Writer-director Sam Friedlander’s refreshingly upbeat comedy sets its sights on the ambiguity couples often have over whether or not to have kids. Presenting itself as something of a modernized screwball comedy––and I’ll define that for people unfamiliar with the sometimes misused term; it’s a rom-com subgenre from the Golden Age of Hollywood that juxtaposes opposites while presenting broad, sophisticated and slapstick humor––with lots of awkward and uncomfortable gags, as well as shrewdly observed commentary on progressive parenting tactics, Babysplitters is undoubtedly one of the funniest, and most compassionate indie comedies of the year.
Sarah (Emily Chang) and Jeff Penaras (Danny Pudi) are a busy, newly-wedded Los Angelinos couple who, along with their best friends Taylor (Maiara Walsh) and Don Small (Eddie Alfano) have often entertained the idea of becoming parents, but can’t see the good without all the bad that would come with such a life-changing experience.
It’s Jeff who comes up with an idea that at first, no one else can really entertain beyond being some lively pre-dinner banter. His plan, in a nutshell, is that both couples could share one baby, without impacting too greatly all the freedoms of being childless represents. It sounds like the perfect compromise, which of course it isn’t at all once this plan is enacted.
To say too much about the delightfully zigzagging trajectory that Babysplitters takes us down would ruin a lot of the ensuing absurdity and diversion, which is ample and often at a feverishly fast-clip––the perhaps daunting two hour run time just flies by––suffice it to say their plan gets very messy, devolving into what Don describes as “the worst of both worlds.”
There’s no shortage of big laughs in the film; from Sarah and Jeff enduring a painfully on point dinner party with their friends with horribly misbehaving children, Don’s penchant for pillow talk involving a “dirty dinosaur”, the couple’s hilariously misguided GP (Brian Thomas Smith), to Jeff’s overly affable boss (Lucas Malacrino), who comes off like an overstimulated Jason Schwartzman. Nor is the cast ever less than excellent, making the most of Friedlander’s antic and engrossing script.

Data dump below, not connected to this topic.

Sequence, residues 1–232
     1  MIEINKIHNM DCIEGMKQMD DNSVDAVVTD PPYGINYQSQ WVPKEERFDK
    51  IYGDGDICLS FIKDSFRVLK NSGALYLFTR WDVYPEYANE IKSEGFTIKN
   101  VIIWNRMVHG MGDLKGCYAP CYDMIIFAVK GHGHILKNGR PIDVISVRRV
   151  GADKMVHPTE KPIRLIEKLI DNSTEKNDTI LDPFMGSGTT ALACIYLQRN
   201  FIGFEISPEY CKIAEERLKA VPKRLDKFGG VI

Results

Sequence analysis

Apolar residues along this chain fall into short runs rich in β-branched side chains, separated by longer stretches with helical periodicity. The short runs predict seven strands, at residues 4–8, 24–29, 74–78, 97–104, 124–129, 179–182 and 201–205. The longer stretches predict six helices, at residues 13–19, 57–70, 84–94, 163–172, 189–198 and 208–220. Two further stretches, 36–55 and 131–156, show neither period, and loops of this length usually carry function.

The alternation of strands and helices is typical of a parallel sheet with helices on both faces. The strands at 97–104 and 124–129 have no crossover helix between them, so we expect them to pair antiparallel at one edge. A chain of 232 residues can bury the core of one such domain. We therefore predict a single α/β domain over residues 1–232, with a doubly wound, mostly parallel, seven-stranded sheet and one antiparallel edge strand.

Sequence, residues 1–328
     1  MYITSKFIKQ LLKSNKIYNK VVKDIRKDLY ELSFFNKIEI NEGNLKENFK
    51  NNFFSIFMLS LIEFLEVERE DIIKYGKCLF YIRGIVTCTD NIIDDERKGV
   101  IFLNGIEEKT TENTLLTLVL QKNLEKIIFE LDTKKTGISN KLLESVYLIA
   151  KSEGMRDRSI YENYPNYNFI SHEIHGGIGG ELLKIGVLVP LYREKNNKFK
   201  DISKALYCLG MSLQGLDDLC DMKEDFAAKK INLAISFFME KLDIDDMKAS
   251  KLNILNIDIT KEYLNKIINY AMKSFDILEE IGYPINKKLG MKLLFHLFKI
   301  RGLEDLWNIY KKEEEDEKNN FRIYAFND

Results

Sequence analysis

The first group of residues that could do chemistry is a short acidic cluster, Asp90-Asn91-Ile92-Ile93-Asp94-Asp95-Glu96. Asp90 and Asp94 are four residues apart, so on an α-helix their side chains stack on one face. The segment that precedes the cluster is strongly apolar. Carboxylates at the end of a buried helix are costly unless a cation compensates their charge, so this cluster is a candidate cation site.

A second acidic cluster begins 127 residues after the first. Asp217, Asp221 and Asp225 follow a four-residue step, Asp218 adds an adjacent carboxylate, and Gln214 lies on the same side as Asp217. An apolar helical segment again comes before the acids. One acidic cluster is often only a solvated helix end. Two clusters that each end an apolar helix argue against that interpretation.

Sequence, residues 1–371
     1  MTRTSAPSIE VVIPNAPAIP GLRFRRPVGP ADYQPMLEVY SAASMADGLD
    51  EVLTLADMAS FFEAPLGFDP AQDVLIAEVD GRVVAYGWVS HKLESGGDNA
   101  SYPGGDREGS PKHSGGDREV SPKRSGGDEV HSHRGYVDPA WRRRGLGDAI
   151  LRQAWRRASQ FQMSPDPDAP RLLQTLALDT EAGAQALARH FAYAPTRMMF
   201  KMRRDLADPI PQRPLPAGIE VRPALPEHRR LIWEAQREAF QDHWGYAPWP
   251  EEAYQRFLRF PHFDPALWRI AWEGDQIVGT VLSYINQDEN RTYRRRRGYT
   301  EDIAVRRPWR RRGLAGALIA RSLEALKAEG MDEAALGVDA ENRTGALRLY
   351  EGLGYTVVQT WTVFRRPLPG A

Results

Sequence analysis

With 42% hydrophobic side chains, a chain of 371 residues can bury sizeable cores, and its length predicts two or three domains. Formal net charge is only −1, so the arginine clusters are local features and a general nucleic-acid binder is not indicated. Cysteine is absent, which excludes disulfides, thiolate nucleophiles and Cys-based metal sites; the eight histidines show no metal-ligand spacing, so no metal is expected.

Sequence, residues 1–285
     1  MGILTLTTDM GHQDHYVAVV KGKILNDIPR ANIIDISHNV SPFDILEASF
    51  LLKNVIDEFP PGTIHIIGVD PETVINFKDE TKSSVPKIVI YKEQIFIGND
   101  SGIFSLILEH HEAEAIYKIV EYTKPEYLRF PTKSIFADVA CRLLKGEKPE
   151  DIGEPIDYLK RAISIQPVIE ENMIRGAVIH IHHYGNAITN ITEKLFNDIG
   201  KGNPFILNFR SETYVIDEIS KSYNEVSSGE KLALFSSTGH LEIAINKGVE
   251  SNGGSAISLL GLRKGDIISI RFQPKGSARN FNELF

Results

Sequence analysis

If there’s any real shortcomings with Babysplitters at all it might be that it’s full to the brim with almost too much to say (one or two subplots could be dropped, but they all get a laugh so why bother?), like a fantastic and satisfying meal that has maybe one too many courses. That’s not a bad thing if you’re really hungry or just want to roar with laughter for a couple of hours. It gets a little sappy, as the genre often does, but Babysplitters is also sharp, satisfying, and funny as hell. Recommended.
Taste of Cinema Rating: 4 stars (out of 5)
Author Bio: Shane Scott-Travis is a film critic, screenwriter, comic book author/illustrator and cineaste. Currently residing in Vancouver, Canada, Shane can often be found at the cinema, the dog park, or off in a corner someplace, paraphrasing Groucho Marx. Follow Shane on Twitter @ShaneScottravis.